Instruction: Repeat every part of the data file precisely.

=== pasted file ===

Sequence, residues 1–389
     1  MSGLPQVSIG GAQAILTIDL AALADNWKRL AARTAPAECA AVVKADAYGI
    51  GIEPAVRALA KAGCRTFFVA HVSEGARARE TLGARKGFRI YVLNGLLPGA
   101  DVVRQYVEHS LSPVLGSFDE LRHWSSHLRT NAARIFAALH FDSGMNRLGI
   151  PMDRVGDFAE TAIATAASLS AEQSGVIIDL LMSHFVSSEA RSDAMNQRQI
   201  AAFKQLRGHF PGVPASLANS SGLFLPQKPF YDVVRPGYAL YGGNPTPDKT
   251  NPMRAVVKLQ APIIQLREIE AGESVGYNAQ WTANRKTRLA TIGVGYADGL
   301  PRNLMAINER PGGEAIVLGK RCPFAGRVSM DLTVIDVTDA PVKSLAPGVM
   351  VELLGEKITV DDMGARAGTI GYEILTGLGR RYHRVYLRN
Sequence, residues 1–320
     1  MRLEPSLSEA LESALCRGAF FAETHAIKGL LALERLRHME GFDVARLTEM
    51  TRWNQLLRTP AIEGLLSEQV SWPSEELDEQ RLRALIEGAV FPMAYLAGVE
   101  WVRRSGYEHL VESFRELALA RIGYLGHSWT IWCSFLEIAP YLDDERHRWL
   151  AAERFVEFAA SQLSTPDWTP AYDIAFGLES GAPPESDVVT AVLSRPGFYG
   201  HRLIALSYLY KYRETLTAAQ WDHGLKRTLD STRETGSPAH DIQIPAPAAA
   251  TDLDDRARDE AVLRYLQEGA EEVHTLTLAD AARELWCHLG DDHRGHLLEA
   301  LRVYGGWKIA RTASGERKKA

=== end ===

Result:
Sequence, residues 1–389
     1  MSGLPQVSIG GAQAILTIDL AALADNWKRL AARTAPAECA AVVKADAYGI
    51  GIEPAVRALA KAGCRTFFVA HVSEGARARE TLGARKGFRI YVLNGLLPGA
   101  DVVRQYVEHS LSPVLGSFDE LRHWSSHLRT NAARIFAALH FDSGMNRLGI
   151  PMDRVGDFAE TAIATAASLS AEQSGVIIDL LMSHFVSSEA RSDAMNQRQI
   201  AAFKQLRGHF PGVPASLANS SGLFLPQKPF YDVVRPGYAL YGGNPTPDKT
   251  NPMRAVVKLQ APIIQLREIE AGESVGYNAQ WTANRKTRLA TIGVGYADGL
   301  PRNLMAINER PGGEAIVLGK RCPFAGRVSM DLTVIDVTDA PVKSLAPGVM
   351  VELLGEKITV DDMGARAGTI GYEILTGLGR RYHRVYLRN
Sequence, residues 1–320
     1  MRLEPSLSEA LESALCRGAF FAETHAIKGL LALERLRHME GFDVARLTEM
    51  TRWNQLLRTP AIEGLLSEQV SWPSEELDEQ RLRALIEGAV FPMAYLAGVE
   101  WVRRSGYEHL VESFRELALA RIGYLGHSWT IWCSFLEIAP YLDDERHRWL
   151  AAERFVEFAA SQLSTPDWTP AYDIAFGLES GAPPESDVVT AVLSRPGFYG
   201  HRLIALSYLY KYRETLTAAQ WDHGLKRTLD STRETGSPAH DIQIPAPAAA
   251  TDLDDRARDE AVLRYLQEGA EEVHTLTLAD AARELWCHLG DDHRGHLLEA
   301  LRVYGGWKIA RTASGERKKA